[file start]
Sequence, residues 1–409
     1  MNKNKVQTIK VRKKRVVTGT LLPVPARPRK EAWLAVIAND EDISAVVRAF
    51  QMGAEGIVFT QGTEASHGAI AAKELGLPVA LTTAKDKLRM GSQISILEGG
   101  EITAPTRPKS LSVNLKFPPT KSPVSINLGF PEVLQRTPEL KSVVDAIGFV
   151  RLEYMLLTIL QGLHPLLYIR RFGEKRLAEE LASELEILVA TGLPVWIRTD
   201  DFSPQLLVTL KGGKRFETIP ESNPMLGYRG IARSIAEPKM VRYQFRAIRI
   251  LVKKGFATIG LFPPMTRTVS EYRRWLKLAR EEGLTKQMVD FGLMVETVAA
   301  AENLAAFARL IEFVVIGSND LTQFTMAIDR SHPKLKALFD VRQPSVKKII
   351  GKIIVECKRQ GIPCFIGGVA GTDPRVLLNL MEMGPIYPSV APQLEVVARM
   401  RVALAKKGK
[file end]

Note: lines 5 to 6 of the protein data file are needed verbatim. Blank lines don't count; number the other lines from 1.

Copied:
   151  RLEYMLLTIL QGLHPLLYIR RFGEKRLAEE LASELEILVA TGLPVWIRTD
   201  DFSPQLLVTL KGGKRFETIP ESNPMLGYRG IARSIAEPKM VRYQFRAIRI